A mixture of common traditional tunes and original songs, Getting Underway attempts to bring a new interpretation to some classic tunes with a maritime theme. While the group, consisting of Bay City, Michigan duo Jerry Casault and Kathy Morris, never lacks for enthusiasm or energy, their ability occasionally wanes.
The original compositions are based on traditional tunes, with familiar themes -- especially "A Wee Alibi," which owes a great debt to Alex Beaton. Overall, they are animated and amusing.
The group's opening number is the overused "Rites of Man/Rocky Road to Dublin." Although always a crowd-pleaser, the melodies are so often covered that even the novel addition of the harmonica fails to make the track truly remarkable.
Although the duo's original tunes are better, they suffer from the fact that although Morris is a talented musician -- she plays banjo, whistle, bodhran and guitar on the album -- her voice is not robust enough to carry a song solo. Her "S.O.S. (Sailin' on the Saginaw)" is an exuberant reel, but her singing detracts rather than adds to the tune.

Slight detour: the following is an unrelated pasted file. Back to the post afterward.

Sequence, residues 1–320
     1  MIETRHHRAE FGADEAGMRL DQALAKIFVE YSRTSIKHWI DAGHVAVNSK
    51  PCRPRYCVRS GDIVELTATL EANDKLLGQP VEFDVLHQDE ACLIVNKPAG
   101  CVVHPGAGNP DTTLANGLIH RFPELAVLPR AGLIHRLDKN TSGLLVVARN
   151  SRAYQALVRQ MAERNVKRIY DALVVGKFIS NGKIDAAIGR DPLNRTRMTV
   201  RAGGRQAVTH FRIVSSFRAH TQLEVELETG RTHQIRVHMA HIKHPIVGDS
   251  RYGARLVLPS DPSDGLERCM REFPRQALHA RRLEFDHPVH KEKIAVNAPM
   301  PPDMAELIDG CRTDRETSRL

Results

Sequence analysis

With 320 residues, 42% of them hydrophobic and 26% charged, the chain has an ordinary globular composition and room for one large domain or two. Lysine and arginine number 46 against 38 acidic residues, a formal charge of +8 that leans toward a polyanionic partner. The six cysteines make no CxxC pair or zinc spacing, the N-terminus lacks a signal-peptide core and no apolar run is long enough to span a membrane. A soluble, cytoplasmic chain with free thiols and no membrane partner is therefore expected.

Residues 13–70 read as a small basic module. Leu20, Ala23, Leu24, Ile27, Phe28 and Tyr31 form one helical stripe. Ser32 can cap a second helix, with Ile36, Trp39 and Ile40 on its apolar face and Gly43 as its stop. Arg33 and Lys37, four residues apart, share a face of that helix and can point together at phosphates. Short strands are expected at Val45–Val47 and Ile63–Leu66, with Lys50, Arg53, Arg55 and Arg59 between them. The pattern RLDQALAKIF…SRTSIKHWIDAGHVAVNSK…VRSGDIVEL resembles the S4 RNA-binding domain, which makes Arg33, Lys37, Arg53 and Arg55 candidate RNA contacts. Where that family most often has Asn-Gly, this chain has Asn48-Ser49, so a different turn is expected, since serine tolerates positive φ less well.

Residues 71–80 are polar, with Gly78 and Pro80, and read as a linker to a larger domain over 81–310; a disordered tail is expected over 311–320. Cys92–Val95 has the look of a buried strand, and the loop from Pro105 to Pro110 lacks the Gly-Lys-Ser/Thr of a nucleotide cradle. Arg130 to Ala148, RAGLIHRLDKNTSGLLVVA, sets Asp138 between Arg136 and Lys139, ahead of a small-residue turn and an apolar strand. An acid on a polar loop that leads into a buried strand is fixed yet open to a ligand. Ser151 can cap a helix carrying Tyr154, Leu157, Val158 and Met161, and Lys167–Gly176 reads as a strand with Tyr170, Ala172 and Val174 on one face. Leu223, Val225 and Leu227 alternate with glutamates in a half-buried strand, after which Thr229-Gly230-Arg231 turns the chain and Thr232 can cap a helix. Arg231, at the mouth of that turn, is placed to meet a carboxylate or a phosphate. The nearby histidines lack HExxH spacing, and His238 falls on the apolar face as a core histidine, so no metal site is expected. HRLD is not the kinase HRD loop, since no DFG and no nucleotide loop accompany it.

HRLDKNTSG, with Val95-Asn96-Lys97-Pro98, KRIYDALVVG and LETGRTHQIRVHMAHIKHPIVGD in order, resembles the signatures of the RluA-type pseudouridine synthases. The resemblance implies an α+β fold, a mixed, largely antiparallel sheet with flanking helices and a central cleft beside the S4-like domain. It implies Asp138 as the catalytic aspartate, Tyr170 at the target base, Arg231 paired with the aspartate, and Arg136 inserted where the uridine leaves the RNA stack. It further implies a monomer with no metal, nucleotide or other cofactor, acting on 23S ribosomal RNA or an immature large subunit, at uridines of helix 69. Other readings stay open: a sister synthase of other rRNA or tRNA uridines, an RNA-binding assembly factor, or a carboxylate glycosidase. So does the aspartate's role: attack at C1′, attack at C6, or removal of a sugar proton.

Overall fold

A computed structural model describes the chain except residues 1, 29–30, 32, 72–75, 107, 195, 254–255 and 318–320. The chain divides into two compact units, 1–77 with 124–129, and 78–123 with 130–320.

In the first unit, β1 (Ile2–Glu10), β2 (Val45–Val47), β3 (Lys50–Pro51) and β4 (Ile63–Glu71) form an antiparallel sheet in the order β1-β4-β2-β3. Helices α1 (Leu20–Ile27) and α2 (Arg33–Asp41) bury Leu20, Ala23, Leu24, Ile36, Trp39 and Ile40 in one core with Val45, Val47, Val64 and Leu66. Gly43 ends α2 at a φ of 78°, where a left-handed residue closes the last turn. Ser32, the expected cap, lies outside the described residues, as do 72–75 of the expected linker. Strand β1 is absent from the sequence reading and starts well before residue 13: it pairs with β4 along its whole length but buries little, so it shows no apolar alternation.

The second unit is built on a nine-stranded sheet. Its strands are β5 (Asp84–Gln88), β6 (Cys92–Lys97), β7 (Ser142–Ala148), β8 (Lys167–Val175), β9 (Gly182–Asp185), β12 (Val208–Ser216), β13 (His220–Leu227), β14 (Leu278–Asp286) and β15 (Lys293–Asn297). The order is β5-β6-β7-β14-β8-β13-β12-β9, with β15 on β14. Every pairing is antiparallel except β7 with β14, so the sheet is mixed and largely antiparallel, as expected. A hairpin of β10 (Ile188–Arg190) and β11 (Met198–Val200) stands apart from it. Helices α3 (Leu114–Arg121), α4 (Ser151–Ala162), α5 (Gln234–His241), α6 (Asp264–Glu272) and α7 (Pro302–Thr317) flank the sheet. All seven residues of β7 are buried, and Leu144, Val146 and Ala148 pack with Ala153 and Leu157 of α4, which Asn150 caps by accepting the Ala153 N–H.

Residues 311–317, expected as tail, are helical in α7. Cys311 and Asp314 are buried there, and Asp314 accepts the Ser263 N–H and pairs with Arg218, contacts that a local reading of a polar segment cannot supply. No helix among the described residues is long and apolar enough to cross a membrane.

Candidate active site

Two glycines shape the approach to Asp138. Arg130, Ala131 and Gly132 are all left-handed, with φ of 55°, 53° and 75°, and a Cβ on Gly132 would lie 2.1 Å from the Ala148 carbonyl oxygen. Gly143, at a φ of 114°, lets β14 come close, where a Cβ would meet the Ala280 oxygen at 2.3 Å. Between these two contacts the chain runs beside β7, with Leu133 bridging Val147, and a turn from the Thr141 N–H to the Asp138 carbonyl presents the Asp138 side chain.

More skillfully rendered is Casault's "Bonham Richard." Casault sings in his strong, rough voice, perfect for a sea shanty. The tune is simple, the arrangement sparse, and the strengths of the group show. Also worth listening to is Casault's "A Wee Alibi," an amusing little ditty regarding a husband's struggle between a wife and beer.
The best is the Shel Silverstein composition "The Great Lakes Song," which showcases Morris' banjo playing with Casault's singing of this jaunty tune. If only all the tunes could reach the same level as this track.
The majority of the songs are classic reels and jigs, which the group sings and plays with enthusiasm. I think that by making a studio album, the group has chosen a forum unsuited to them -- they seem much better suited to a pub gathering or a festival concert. Certainly the energy is that of a live performance, merely lacking the polish of a professional recording. I would love to hear a Hoolie live performance CD.
[ by Heather Gregg ]